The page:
Investigating soft tissue sarcoma genomics to uncover driving gene events and elucidate tumor-specific oncogenic pathways
Soft tissue sarcomas are neoplasms of mesenchymal origin, comprising more than 70 histotypes that are defined by heterogenous clinical and genomic features.
While the incidence of sarcomas is lower than more common carcinomas, with approximately 13,000 estimated new cases and 5,000 deaths in the US in 2021, this heterogeneity, rarity, and complexity makes clinical care and molecular research challenging.
Our lab leads sarcoma research through multi-disciplinary approaches conducted by close collaboration of expert teams.
Genomic dissection of soft tissue sarcomas
The lab collects and intensively analyzes surgically resected tumors and applies next-generation sequencing-based approaches to better understand their genomic drivers. Through copy number analysis, transcriptomic profiling, and aberrant epigenetic profiling, our lab can identify genes and oncogenic pathways that drive tumorogenesis. By correlating these genomic analyses with extensive clinical information, we can categorize complex sarcomas into molecular subgroups and discover potential therapeutic targets for them. Development of such targeted therapies will improve overall outcomes for sarcoma patients by providing treatment strategies tailored to each tumor’s molecular features.
Soft tissue sarcoma initiation, clonal evolution, and progression
Most recently, a major focus of the lab is to understand how soft tissue sarcomas initiate and evolve over time. To this end we are analyzing individual patient tumors at single-cell resolution to identify early oncogenic genetic alterations, narrow down the cell of origin, and identify novel molecular drivers of the development and progression of various soft tissue sarcoma subtypes. Comparison of related clones between subtypes on a progression axis from indolent to more aggressive, e.g. well-differentiated to dedifferentiated liposarcoma and myxofibrosarcoma (MFS) to undifferentiated pleomorphic sarcoma (UPS), and between primary tumors and recurrences or metastases, allows us to identify which genetic events underlie progression and may represent prognostic biomarkers or therapeutic targets.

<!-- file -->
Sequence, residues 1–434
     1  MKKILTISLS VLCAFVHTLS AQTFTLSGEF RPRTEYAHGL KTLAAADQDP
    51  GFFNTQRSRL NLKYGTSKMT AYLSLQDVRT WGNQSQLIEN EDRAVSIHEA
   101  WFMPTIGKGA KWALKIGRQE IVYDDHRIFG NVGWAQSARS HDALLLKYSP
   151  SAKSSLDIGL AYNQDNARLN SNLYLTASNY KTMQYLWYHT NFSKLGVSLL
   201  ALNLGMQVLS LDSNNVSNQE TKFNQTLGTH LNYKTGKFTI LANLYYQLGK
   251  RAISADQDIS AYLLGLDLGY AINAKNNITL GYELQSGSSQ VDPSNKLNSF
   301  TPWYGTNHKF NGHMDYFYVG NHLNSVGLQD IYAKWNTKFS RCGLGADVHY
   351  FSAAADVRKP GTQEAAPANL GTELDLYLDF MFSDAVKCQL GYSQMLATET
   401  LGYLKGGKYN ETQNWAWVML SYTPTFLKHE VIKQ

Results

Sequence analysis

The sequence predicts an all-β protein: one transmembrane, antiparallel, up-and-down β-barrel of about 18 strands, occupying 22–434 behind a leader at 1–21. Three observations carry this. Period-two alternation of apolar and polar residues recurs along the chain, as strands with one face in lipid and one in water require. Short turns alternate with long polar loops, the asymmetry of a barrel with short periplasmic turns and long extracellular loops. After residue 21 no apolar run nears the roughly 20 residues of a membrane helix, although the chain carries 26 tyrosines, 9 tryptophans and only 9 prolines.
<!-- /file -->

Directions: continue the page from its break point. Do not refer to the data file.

Modeling soft tissue sarcomas for preclinical drug development
Modeling of each patient’s tumor is a key approach to develop precision medicine strategies targeting its specific molecular features. To that end, the lab routinely establishes patient tumor-derived cell lines and patient-derived xenograft models in immunocompromised mice.
Development of novel targeted therapies for aggressive soft tissue sarcomas
An example of our past success in developing novel therapeutics based on genomic information obtained from a large cohort of sarcoma patients is our identification of integrin-α10, a collagen receptor on the cell surface, as a mediator of oncogenic signaling through RAC/PAK and mTORC in aggressive metastatic MFS and UPS (Cancer Discov 2016). These discoveries led us to test specific chemical inhibitors of this pathway in patient-derived models to determine their clinical potential. We are also exploring antibody-based therapeutic and diagnostic strategies for these aggressive sarcomas.
In another strategy, we conduct high-through put screening of chemical and genetic libraries to select tumor-specific differential drugs and targets that could affect cancer cells but spare normal cells. One such screen for agents capable of restoring expression of the tumor suppressor transcription factor CEBPα identified the topoisomerase I inhibitor irinotecan as effective against dedifferentiated liposarcoma (Clin Cancer Res 2021).